While learning JavaScript, you likely learned about the powerful method .forEach() that allows us to process every element in an array separately. Now we will use a similar method that will enable us to process every row returned from a database query.

db.each("SELECT * FROM Dog WHERE breed = 'Labrador'", (error, row) => { // This gets called for every row our query returns console.log(`${row.name} is a good dog`); }, (error, numberOfRows) => { // This gets called after each of our rows have been processed console.log(`There were ${numberOfRows} good dogs`); });

In the code above we SELECT all the Labrador dogs from our Dog database. We offer affirmation to each of the animals individually and then announce how many received this praise in sum.

db.each() takes a query and a callback function that it performs on each row returned from the query. This is a useful technique for transforming or updating rows. This is also useful for memory management — we only have to look at one row at a time instead of trying to process every returned row at the same time. db.each() additionally takes an optional second callback function, which will be called when all of the queries are completed and processed.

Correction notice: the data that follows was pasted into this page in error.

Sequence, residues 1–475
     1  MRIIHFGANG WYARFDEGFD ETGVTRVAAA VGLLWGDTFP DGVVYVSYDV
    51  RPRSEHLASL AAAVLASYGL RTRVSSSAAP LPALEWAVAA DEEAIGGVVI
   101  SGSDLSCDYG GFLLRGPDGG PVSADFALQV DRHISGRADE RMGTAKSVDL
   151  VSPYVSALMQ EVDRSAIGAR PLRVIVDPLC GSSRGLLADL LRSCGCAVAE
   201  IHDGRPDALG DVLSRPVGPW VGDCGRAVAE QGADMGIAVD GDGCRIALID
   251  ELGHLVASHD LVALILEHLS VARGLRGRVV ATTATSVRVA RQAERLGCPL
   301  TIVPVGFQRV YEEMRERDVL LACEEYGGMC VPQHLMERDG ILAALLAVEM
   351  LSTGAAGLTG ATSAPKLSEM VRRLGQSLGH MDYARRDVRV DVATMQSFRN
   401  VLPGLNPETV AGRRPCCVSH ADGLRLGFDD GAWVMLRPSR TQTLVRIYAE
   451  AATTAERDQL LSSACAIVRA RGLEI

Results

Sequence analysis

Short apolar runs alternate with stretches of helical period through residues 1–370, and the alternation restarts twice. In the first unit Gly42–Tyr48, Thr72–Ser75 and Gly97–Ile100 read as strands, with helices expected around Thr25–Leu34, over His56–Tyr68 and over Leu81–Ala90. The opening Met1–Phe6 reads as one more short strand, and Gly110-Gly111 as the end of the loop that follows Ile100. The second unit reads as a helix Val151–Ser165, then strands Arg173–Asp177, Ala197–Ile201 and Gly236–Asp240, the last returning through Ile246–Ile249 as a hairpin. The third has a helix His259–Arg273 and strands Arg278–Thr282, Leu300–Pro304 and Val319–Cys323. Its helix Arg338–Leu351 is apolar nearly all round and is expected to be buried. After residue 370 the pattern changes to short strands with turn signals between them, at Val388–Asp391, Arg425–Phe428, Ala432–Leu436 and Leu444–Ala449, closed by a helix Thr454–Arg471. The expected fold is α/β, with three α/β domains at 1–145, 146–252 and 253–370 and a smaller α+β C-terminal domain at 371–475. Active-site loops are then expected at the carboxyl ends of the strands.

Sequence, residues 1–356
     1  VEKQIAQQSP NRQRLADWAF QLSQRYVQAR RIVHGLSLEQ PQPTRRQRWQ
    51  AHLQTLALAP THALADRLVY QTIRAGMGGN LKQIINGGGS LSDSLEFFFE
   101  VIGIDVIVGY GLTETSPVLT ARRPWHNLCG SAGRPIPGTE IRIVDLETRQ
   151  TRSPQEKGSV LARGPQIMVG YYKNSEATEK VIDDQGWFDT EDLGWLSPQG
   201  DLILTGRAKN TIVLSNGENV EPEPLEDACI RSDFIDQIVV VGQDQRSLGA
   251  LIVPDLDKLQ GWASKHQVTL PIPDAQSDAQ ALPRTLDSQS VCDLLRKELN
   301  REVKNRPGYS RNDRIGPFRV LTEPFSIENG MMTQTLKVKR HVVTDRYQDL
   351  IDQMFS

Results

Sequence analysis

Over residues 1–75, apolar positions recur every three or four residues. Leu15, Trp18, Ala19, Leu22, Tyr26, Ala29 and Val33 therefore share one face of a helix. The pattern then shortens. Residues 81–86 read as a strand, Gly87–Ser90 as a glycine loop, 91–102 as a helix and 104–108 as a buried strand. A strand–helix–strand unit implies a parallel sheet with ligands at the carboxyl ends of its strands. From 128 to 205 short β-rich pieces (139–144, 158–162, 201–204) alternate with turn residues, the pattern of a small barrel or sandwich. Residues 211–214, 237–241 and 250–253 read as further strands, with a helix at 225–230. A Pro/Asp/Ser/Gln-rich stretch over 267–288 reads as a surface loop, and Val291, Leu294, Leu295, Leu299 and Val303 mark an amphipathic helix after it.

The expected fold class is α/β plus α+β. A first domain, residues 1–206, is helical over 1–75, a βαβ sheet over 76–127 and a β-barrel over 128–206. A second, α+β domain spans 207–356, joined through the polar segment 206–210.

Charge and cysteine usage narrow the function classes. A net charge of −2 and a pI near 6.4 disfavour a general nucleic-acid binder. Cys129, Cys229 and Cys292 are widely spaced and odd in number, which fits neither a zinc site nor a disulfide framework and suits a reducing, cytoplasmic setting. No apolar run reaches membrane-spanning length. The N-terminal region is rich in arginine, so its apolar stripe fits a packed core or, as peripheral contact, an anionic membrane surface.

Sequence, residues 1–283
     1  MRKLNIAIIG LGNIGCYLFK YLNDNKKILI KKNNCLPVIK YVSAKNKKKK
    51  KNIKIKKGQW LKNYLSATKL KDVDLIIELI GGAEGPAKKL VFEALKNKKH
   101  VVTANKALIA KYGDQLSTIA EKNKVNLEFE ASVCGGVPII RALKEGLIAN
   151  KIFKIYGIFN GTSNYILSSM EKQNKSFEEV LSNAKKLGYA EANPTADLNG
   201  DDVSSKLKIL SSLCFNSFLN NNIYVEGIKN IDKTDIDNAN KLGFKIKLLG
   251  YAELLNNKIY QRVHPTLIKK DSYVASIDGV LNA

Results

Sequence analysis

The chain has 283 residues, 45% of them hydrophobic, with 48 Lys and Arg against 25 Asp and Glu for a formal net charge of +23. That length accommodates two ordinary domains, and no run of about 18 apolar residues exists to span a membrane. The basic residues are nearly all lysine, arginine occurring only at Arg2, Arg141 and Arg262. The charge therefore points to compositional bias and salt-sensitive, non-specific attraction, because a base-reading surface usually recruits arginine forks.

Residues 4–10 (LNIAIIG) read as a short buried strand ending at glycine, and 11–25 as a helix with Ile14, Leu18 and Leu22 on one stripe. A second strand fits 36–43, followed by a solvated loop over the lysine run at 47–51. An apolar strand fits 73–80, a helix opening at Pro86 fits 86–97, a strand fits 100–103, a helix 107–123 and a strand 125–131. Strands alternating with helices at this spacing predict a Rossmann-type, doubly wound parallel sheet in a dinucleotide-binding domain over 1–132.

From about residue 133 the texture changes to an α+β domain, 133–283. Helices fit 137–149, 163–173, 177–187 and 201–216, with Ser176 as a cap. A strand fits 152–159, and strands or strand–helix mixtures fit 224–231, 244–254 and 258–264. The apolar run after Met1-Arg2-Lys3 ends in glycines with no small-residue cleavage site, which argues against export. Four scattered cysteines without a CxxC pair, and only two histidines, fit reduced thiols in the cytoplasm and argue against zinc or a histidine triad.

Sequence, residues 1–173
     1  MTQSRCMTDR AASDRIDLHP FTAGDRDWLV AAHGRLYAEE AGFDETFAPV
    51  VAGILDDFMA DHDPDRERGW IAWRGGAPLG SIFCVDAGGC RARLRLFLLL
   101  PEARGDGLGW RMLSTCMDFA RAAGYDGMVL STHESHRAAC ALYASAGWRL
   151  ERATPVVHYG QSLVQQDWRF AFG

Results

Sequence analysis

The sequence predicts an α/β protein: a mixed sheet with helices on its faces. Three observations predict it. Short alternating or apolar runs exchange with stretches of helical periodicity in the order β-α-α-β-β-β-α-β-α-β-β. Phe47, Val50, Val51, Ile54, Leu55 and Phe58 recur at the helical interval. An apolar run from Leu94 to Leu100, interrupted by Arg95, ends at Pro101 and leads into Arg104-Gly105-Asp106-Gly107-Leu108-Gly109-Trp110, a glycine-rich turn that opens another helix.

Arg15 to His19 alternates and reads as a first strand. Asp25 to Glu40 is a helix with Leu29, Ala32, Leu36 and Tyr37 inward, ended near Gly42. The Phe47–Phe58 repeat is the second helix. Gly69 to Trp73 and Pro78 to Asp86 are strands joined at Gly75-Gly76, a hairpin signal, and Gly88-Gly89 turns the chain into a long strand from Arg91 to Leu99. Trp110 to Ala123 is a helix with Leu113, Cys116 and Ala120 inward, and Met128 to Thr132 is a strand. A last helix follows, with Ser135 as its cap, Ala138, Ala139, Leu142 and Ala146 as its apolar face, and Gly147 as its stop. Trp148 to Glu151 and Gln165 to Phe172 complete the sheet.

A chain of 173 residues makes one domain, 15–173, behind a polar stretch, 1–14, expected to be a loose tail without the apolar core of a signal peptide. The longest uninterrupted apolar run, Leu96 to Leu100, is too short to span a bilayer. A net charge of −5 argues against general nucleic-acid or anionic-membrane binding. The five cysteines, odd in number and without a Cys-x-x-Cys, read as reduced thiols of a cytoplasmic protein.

Create an empty temperaturesByYear object before your query; we’ll use this to store temperature data for each year.


Inside a db.each() call, SELECT all the rows from TemperatureData.


In a callback from your db.each() call, add the temperature’s value to the temperaturesByYear. To do this, use the provided helper function addClimateRowToObject(row, object). The first argument is the row to add, the second argument is the object to add it to (temperaturesByYear in your case).


In the second callback to your db.each() call, create a final averageTemperatureByYear variable and set it equal to calling function calculateAverages with your temperaturesByYear object.


Log these averages using the given printQueryResults() function.

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